We’ve Been Successfully Helping People In Ventura County, Santa Barbara County, L.A. County, And Southern California With All Types Of DUI Charges For Years. When someone drives under the influence of alcohol or drugs in California, it’s typically prosecuted as a misdemeanor offense on a first, second or third time DUI offense providing there weren’t any “aggravating factors” present which would include driving with a blood alcohol concentration (BAC) of 0.15% or above, speeding, driving with a child in the vehicle, or causing bodily injury or death. There are situations where a California drunk driving charge may result in felony charges and these include:
In the state of California, DUI is considered a “priorable” offense, which means that each subsequent offense incurs stiffer fines and penalties if you were convicted for a similar offense. If you have three or more DUI convictions within the last ten years and are arrested for a fourth DUI, you will most likely be charged with a felony DUI. With respect to drunk driving offenses, a prior offense can include a California DUI, a California “wet reckless” or an out-of-state DUI or any combination thereof. The penalties for a fourth DUI within the last ten years include from 16 months to 3 years in prison or a jail sentence of 180 days to 1 year, a maximum fine of $1,000, and a license revocation for four years.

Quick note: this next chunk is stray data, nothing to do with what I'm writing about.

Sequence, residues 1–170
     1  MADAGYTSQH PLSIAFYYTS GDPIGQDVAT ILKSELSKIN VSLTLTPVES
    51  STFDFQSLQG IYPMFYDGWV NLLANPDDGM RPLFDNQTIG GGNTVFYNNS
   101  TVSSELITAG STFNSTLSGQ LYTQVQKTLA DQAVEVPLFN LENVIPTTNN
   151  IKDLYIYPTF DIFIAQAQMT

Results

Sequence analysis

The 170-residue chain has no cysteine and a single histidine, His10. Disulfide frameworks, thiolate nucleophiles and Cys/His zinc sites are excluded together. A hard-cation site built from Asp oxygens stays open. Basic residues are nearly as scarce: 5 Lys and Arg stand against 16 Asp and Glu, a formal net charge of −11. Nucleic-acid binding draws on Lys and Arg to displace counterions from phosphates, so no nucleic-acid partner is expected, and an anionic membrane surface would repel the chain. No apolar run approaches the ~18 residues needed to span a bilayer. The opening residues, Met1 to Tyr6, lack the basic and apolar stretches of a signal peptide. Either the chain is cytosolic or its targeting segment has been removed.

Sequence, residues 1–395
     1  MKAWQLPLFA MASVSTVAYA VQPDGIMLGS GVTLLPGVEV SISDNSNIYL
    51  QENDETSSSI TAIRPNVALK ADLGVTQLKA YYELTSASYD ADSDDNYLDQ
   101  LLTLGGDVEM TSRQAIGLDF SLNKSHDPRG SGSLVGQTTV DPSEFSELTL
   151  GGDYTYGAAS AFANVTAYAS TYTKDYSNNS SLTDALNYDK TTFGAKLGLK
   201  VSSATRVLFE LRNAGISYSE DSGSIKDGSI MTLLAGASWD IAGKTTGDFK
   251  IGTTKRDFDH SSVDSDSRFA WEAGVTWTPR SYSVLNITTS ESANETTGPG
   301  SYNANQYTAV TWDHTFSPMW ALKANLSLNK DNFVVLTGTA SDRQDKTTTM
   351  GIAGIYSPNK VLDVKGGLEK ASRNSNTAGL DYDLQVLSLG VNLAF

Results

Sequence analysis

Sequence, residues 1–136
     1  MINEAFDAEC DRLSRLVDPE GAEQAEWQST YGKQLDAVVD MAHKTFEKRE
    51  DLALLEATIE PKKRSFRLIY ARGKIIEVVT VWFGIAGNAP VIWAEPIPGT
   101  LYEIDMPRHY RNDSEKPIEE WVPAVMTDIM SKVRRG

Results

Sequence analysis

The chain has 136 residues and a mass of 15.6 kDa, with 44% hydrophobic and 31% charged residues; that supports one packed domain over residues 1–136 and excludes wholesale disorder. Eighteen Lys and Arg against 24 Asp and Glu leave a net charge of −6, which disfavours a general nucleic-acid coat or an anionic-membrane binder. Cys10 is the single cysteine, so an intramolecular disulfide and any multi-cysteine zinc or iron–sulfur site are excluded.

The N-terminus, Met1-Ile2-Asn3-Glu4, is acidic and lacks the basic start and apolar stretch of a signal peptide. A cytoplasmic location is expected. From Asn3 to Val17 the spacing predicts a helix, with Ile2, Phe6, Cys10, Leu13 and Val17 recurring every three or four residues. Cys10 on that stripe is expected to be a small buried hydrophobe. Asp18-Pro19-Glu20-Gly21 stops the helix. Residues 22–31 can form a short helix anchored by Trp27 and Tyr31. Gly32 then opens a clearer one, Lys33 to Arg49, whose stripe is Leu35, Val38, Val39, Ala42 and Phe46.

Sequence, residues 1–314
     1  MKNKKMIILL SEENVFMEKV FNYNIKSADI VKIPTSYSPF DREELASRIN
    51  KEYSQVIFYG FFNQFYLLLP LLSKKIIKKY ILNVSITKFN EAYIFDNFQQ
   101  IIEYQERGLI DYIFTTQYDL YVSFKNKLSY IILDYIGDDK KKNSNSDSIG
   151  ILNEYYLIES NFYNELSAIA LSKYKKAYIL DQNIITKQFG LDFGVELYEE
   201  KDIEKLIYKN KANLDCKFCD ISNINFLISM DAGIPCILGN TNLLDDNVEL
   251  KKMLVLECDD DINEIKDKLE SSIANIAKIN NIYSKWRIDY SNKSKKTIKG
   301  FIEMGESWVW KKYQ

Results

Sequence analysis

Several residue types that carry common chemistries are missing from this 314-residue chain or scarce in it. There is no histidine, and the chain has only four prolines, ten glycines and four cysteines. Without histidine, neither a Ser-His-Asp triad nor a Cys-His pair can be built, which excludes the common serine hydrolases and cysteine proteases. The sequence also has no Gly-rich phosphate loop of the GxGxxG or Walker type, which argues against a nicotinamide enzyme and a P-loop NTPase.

In California, the majority of DUI offenses are treated as misdemeanors, how someone is charged will depend on the circumstances of the arrest. In most cases first, second and third DUIs are treated as misdemeanors unless the driver committed a traffic violation such as excessive speeding or if they injured another person. Assuming you are not a repeat offender with three or more prior convictions within the last 10 years and assuming no one was injured, it should be treated as misdemeanor; however, if this is your fourth DUI in 10 years, or if you injured another person, then you may be facing felony charges which could have long-term repercussions, specifically from the felony conviction on your criminal record.